The Just Give Money Theory

The Just Give Money Theory

For many, the eradication of global poverty seems an insurmountable goal, and foreign aid processes can be long-winded and complex. It is important to realize, however, that the solution to this important issue may be right under our noses, not to mention incredibly simple. The idea laid out in the book Just Give Money to the Poor: The Development Revolution from the Global South, is to give aid as cash directly to those in need of it, rather than through temporary security measures.

“A quiet revolution is taking place based on the realization that you cannot pull yourself up by your bootstraps if you have no boots,” the book says. “And giving ‘boots’ to people with little money does not make them lazy or reluctant to work; rather, just the opposite happens. A small guaranteed income provides a foundation that enables people to transform their own lives.”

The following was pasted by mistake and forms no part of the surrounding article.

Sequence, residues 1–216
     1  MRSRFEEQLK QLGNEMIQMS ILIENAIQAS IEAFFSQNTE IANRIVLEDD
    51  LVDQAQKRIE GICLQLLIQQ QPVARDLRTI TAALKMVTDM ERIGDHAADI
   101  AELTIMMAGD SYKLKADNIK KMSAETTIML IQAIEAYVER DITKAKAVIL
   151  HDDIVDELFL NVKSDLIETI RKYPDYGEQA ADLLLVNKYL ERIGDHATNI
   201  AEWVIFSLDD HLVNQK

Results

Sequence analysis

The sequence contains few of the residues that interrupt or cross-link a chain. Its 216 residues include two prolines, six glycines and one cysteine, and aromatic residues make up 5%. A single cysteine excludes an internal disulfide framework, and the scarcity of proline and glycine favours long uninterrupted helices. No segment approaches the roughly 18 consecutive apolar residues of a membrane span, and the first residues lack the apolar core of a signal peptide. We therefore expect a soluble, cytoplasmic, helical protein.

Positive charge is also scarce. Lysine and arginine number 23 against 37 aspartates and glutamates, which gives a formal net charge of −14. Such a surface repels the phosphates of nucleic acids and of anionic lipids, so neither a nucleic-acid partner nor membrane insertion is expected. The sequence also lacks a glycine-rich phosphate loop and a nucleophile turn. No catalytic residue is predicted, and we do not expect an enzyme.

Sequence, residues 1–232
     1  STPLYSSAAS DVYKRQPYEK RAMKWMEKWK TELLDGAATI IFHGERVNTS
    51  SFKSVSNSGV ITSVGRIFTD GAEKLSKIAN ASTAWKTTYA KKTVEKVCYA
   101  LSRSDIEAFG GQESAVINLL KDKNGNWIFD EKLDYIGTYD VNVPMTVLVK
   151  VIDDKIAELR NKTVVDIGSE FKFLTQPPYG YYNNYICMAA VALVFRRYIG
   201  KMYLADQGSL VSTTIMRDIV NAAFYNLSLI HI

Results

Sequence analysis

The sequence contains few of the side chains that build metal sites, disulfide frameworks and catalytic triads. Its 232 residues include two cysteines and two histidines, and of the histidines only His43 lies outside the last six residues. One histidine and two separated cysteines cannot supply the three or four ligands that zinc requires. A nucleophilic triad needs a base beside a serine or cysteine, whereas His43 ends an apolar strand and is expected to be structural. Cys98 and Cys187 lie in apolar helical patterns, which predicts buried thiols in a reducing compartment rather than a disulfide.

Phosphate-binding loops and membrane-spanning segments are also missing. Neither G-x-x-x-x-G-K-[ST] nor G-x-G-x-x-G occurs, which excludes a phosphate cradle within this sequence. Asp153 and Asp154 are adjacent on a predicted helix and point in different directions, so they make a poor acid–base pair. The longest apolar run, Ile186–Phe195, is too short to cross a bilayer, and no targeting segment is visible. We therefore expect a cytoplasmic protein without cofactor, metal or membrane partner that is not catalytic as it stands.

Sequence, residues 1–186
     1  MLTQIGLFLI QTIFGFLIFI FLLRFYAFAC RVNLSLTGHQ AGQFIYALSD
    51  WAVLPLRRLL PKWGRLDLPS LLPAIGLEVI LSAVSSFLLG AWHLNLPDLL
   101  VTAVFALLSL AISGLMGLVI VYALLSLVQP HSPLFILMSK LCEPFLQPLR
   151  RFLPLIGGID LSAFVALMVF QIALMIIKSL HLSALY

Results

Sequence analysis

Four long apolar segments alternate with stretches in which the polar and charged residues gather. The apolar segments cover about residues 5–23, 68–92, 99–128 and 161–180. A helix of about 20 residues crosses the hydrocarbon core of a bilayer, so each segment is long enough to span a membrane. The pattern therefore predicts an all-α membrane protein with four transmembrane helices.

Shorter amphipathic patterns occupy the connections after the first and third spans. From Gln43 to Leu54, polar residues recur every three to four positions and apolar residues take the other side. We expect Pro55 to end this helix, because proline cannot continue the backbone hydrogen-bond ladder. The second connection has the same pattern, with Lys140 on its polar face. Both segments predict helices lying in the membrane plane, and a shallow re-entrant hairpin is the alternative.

While many are skeptical about this approach, the results of this direct aid can be seen in countries around the world. Brazil, South Africa, Mexico, India, and Ethiopia are only a few examples shown in the book – the methods range from grants for those who have children in schools, those who are the poorest, or those who are elderly or children. In each case, there is significant change following these grants: child malnutrition decreases, school registration increases, and general health improvement and growth of local farms and markets ensue.

This method seems to be fairly effective, although it cannot solve the problem of global poverty alone. In addition to these grants, there must be some other methods of government intervention along the lines of investments in education, infrastructure, and health. The notion that the poor are to blame for their position in society is turned upside down by the positive results of these grants, and the money given will only continue to be put to good use in the fight against poverty.

– Sarah Rybak

Source: Pacific Standard
Photo: Fast CoExist